Is That a Cell Phone in Your Pocket?
Headlined "The wireless home invasion," the article cited a study jointly sponsored by digital marketing firm Isobar Communications and Yahoo Inc. (Nasdaq: YHOO) that found newly pervasive WiFi connections will "encourage us to interact more intimately with wireless devices." The study followed a small set of families in Britain, France, Germany, China, and the U.S. who were outfitted with a wireless router with unlimited connectivity, two laptops, and "a range of sophisticated mobile devices."
Conclusion: "Interactive mobile devices such as wireless laptops and mobile phones deliver a more heightened emotional connection than static appliances such as television sets."
No word on whether champagne, roses, and Mantovani CDs were included in the study.
"It's now something I'll relax with in bed at the end of the day," said a study participant from Shanghai, referring not to Mao's Little Red Book but to her laptop.
Whew! Is it just me, or is it getting hot in here?
In another gem, which ran on the Cox News Service wire over the weekend, tech reporter Jennifer Brett reported from Atlanta's chi-chi Center of Wireless store that "the hip cell phone crowd has come to demand some bling with their ring." Pointing readers to the Website of Malibu designer Jennifer Serig, who charges up to $1,200 to accessorize the cell phones of the red-carpet crowd with Swarovski crystals, Brett proves that, more than ever, mobiles are more fashion statement than communications tool. "It's more like jewelry than a phone," Center of Wireless co-owner Jacob Chackonal tells Brett.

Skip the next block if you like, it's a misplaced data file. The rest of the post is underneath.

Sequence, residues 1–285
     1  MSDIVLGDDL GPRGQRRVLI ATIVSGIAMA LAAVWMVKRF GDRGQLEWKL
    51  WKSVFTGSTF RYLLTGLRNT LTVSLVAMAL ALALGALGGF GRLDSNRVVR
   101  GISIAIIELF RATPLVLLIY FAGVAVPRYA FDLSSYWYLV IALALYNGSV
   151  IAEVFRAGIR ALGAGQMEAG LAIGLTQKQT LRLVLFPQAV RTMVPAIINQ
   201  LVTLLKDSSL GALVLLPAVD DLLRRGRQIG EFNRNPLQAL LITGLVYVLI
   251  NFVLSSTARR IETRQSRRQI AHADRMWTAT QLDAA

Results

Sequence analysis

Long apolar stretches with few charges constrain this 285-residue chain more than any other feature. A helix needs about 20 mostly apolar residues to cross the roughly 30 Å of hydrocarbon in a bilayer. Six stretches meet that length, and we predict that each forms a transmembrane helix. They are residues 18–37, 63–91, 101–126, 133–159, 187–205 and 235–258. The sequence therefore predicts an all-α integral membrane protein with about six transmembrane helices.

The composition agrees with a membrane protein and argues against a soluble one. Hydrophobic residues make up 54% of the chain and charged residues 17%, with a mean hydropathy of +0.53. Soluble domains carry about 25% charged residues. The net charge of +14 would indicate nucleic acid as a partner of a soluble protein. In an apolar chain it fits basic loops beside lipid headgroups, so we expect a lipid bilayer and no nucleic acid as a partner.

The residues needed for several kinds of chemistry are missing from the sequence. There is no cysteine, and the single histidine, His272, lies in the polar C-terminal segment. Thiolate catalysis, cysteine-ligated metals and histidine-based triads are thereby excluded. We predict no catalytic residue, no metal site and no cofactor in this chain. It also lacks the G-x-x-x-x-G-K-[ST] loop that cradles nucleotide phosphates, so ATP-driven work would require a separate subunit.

For IT professionals, there's a message worth hearing in the marketing of mobile devices as items of fashion and, uh... "heightened emotional connections"? As the range of choice for mobile devices with powerful enterprise applications such as access to corporate email broadens, employees will be looking at their choice of devices, whether company-supplied or not, through a far more personal lens than they view, say, desk phones or even laptops.
That was also one of the subtexts of the smartphone roundup we ran on Unstrung last Friday: Personal preference, taste, and usage patterns will weigh far heavier in selecting a smartphone or other mobile device than in other business-tool choices. IT managers who resist that tendency will be fighting human nature. (See New Q Review.)
Now if you'll excuse me, I’m going to slip into something more comfortable, mix a cosmopolitan, and lie down with my new Q for a while.
— Richard Martin, Senior Editor, Unstrung